There is a Story afoot . . .



A story has attacked me . . . not sure where it's from, but I have been posting chapters as they come out of my fingers. Yes, I am still posting on firearms training and my new topic of basic prepping - all links are to the right of the blog, newest posts first on the lists. Feel free to ignore the story posts - they usually start with a chapter number. But, feel free to read the story as well and comment on it - I like how it's turning out so far! Links to the various chapters are at the right under . . .

The Story

Bill

Saturday, October 19, 2013

Review - 5.11 72-Hour Rush Pack

 

When I look across the array of “packs”, everyone seems to fit them into their own designated categories. I find I’m no different.

In times gone by I did a post on the “Boogie Bag” – usually known in today’s world as a “Bail Out Bag – BOB”. The niche it fills for me is that this is a “home” and can be used to shelter you and your family for the “duration” – from a weekend to a season or longer if need be. The only thing you need to do is replenish your food, water and perhaps clothing if you are in the field for a truly long period of time. These are usually good size bags, around 6,500 cu inches and weighting no more than 30 pounds with base gear and another 30 with food and clothing.

There is the “GO Bag”. I view this as for immediate survival. Its contents revolve around spare ammunition, perhaps a second handgun, carbine magazines, a few days food, navigation aids (GPS and compass), a Blow Out Kit, a “Boo-Boo” kit and various assorted immediate survival items. This bag rides over the passenger side seat of my Jeep. I see this as my “get home bag” since it takes little to survive 3-days but extra ammo and nav-aids can come in real handy. These are typically in the 1,000 cu inch range.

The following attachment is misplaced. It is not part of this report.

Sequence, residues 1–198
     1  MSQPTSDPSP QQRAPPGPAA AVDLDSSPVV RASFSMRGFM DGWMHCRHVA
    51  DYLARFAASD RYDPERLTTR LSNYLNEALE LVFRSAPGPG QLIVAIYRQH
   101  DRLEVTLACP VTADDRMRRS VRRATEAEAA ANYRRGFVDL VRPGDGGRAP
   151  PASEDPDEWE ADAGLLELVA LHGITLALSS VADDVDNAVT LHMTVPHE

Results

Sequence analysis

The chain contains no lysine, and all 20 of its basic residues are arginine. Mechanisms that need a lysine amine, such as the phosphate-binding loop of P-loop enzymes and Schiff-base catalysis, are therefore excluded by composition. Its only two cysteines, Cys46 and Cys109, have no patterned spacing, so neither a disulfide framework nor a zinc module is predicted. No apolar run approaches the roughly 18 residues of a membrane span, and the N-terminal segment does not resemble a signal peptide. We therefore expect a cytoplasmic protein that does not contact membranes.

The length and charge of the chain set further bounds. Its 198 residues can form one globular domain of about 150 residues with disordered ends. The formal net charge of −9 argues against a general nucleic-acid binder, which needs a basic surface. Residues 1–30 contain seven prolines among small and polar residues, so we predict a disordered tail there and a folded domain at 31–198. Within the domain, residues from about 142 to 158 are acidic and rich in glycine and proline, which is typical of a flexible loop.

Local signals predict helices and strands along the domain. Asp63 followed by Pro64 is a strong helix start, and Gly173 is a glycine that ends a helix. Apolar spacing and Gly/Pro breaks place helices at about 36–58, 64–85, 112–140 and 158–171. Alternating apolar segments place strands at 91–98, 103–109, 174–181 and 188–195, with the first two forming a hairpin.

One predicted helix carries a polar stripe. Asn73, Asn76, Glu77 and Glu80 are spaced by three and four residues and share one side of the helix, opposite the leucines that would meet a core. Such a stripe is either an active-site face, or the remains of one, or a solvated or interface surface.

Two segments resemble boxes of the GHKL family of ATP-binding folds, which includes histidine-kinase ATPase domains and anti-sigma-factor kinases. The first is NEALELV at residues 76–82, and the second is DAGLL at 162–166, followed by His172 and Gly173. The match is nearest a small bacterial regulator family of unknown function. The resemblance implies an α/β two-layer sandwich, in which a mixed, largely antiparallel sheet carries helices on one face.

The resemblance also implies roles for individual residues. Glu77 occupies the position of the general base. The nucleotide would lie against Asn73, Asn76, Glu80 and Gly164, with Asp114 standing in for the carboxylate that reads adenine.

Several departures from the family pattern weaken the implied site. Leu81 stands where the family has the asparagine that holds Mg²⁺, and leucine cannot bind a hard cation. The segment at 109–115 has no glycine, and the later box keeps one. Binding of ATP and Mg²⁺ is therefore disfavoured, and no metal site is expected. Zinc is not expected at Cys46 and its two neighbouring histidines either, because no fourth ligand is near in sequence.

There is a pack that tries to straddle the boundary between the “Go Bag” and the “Boogie Bag”. These are typically called “Get Home Bags” or “72 Hour Bags” with the idea that 3-days will give you time to collect yourself, get home and either get on with the business of long term survival or it will get you past the emergency. Honestly, I encourage folks to by-pass this level “survival” and prepare a well-stocked “Boogie Bag”. I carry mine in the back of my Jeep (of course, I’m still fond of camping every once and a while – so it does a bit more than sitting there). I also have a 3-Day emergency kit in the car to take the edge off in the jeep as well. But . . . . if you are looking for a bag that can carry a long weekend’s worth of clothing and assorted gear (rain gear, extra shooting gear, a couple water bottles and assorted gear) that is what I view the 72-hour bag for. I have tried more than I care to count over the past 30+ years. Most are around 3,500 cu inches, have an assortment of pockets/pouches and straps to secure things and provides easy access to my gear.

About this time last year I was gearing up for a “Post Certified” course at “Armed Missouri” and found I “truly needed” a new bag for the road. I had carried a Victorinox day bag that I typically called my “toy bag”. I decided it was time to integrate the “toy bag” and clothing bag into one new pack. After the typical geek search of old vendors I was familiar with and the newcomers to the arena, I settled on the 5.11 72-Hour Rush bag. Over the past year it has been my designated travel bag, daily gear bag and camp bag. It comes in at just under 2,900 cu inches, just about the perfect size.